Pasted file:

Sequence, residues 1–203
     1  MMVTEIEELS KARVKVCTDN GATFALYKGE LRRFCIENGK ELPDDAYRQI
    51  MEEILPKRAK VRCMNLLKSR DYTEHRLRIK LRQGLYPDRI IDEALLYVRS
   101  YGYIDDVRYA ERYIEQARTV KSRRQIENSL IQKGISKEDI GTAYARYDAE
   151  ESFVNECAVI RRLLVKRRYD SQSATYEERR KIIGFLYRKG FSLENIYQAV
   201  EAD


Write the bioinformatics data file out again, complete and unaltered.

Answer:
Sequence, residues 1–203
     1  MMVTEIEELS KARVKVCTDN GATFALYKGE LRRFCIENGK ELPDDAYRQI
    51  MEEILPKRAK VRCMNLLKSR DYTEHRLRIK LRQGLYPDRI IDEALLYVRS
   101  YGYIDDVRYA ERYIEQARTV KSRRQIENSL IQKGISKEDI GTAYARYDAE
   151  ESFVNECAVI RRLLVKRRYD SQSATYEERR KIIGFLYRKG FSLENIYQAV
   201  EAD